In the commercial world, say the oil and gas business, while affiliating with high-status impressive folks is good (why else CERAWeek?), people have a pretty strong incentive to care about the accuracy of forecasts, too. There are a lot of oil and gas forecasting companies out there, and they make reasonably clear quantitative forecasts and so should be relatively easy to score. Has anyone produced a “shopper’s guide to oil and gas forecasting companies”?
Forbes recently ran a story by Jonathon Farey, “Wind Power’s Weird Effect,” about how sometimes high wind power output and limited transmission capability combine to produce wholesale power prices dropping to zero or below. (Of course regular readers here have been aware of the issue at least since last November.)
Much more informative was Farey’s story on inventor Leif Hauge and the energy-saving pressure exchanger he invented for use in desalination plants. UPDATE ADDED: (Of course, if I were a better reader of Aguanomics, I would have been aware of the issue at least since last September.)
In the news, reports of a “cash for clunkers” program for major appliances: USA Today: Appliances get their own recycled clunkers programs; Business Week: Latest in Stimulus: ‘Cash for Refrigerators’; Associated Press: Meltdown 101: Government cash for green appliances.
From Business Week:
Beginning late this fall, the program authorizes rebates of $50 to $200 for purchases of high-efficiency household appliances. The money is part of the broader economic stimulus bill passed earlier this year. Program details will vary by state, and the Energy Dept. has set a deadline of Oct. 15 for states to file formal applications. The Energy Dept. expects the bulk of the $300 million to be awarded by the end of November. (Unlike the clunkers auto program, consumers won’t have to trade in their old appliances.)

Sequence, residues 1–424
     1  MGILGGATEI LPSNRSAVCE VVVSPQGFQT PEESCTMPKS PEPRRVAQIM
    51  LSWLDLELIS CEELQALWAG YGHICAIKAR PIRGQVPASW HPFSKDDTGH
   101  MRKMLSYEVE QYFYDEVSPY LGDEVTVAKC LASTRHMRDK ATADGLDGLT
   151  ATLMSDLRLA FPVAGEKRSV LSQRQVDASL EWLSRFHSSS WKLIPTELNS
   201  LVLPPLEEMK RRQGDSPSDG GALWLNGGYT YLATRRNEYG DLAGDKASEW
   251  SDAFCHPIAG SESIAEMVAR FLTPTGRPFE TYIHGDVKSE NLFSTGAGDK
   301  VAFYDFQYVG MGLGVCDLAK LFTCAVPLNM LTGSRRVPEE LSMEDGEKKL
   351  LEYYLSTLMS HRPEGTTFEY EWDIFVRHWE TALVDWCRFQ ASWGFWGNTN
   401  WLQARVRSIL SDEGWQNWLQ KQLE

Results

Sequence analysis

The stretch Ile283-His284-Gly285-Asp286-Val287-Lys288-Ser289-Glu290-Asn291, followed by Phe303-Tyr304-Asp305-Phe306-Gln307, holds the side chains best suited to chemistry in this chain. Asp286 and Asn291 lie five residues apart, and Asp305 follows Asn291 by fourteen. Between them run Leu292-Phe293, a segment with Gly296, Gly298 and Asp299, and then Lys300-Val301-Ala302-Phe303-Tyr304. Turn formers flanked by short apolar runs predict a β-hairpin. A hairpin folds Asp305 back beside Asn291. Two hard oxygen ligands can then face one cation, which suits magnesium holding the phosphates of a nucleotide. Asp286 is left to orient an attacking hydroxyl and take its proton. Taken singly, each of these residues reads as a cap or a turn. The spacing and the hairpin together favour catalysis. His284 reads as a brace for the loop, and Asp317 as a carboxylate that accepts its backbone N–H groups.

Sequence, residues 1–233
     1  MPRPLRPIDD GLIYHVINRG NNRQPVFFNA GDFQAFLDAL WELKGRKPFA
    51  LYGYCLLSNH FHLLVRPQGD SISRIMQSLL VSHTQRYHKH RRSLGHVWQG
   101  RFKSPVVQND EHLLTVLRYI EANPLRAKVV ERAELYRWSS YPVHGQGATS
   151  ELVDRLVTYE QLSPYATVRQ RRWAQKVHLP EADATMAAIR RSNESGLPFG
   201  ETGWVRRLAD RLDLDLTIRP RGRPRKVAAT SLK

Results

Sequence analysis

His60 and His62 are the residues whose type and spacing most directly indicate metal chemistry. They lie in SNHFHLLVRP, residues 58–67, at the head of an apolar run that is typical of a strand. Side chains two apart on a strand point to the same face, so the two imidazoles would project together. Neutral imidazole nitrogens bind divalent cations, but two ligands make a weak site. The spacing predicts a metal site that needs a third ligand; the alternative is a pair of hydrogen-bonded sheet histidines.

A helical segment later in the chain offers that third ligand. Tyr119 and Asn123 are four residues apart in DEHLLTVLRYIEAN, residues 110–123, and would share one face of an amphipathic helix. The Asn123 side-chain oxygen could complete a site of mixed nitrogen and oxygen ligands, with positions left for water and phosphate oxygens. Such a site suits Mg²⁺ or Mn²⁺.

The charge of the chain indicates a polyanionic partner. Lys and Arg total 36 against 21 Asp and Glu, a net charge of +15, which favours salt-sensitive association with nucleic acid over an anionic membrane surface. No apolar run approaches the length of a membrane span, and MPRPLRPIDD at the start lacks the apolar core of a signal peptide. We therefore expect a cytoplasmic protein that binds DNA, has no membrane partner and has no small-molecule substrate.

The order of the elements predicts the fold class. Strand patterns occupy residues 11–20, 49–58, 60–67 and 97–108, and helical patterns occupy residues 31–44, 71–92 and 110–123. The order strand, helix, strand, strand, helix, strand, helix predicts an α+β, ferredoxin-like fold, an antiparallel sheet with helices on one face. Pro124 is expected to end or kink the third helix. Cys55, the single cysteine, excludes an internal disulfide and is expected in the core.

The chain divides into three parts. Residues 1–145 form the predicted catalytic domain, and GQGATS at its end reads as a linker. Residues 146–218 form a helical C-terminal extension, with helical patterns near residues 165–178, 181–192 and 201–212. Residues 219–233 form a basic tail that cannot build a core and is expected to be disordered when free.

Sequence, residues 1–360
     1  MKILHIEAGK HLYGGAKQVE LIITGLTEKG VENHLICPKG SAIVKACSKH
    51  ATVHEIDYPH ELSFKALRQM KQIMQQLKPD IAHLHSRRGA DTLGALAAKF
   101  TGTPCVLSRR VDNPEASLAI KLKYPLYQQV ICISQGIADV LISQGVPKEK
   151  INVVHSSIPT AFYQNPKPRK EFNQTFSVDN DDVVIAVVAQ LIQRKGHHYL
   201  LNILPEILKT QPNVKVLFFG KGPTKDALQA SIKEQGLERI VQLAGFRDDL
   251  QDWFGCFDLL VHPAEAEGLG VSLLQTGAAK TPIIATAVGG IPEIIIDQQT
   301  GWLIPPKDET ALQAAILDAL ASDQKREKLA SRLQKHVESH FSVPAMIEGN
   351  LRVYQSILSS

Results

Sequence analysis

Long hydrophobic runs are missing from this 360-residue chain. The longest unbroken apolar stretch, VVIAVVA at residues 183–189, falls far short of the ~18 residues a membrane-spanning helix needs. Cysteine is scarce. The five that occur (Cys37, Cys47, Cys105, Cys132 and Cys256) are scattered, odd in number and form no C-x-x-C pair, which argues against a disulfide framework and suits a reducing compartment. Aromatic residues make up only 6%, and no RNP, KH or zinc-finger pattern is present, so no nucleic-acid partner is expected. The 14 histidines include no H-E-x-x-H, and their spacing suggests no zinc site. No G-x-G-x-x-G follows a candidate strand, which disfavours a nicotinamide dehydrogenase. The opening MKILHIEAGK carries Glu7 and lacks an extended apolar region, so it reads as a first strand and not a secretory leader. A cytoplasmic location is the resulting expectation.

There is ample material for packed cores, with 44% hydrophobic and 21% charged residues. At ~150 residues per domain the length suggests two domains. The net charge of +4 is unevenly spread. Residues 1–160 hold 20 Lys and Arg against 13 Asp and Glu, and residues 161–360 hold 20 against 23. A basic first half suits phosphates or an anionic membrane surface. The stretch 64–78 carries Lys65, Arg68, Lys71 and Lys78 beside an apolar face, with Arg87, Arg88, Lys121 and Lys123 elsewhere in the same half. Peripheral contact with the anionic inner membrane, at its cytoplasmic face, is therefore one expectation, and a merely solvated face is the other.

“These rebates will help families make the transition to more efficient appliances, making purchases that will directly stimulate the economy,” Energy Secretary Steven Chu said in a statement announcing the plan.
Since the cash is just a rebate for the purchase of an Energy Star certified appliance, and no old appliance needs to be returned, this really isn’t a “cash for clunkers” analogue for appliances. (Unless the Energy Star certified appliances turn out to be clunkers.) The program was created in the Energy Policy Act of 2005, but not funded by Congress until the carnival of stimulus spending earlier this year.
Joe Walsh Red Green and Blue blog is getting ahead of the curve, already picking apart the “win, win, win” claims of the appliance rebate program’s boosters.
Walsh expresses concern that without a requirement to junk the old appliance, it will instead migrate to the garage or the basement and store “extra beer and the overflow from Costco.” No energy savings in that scenario.
Of course requiring disposal of useful appliances would cause a more immediate and obvious waste of resources. At least in this case some of the old appliances may make it into the secondhand market and help reduce prices for consumers unable to afford to take advantage of government rebates for new, energy efficient devices.
(And while we’re picking on “Cash for Clunkers,” readers may enjoy Jeff Jacoby’s “The Truth about Cash for Clunkers” from the Boston Globe.)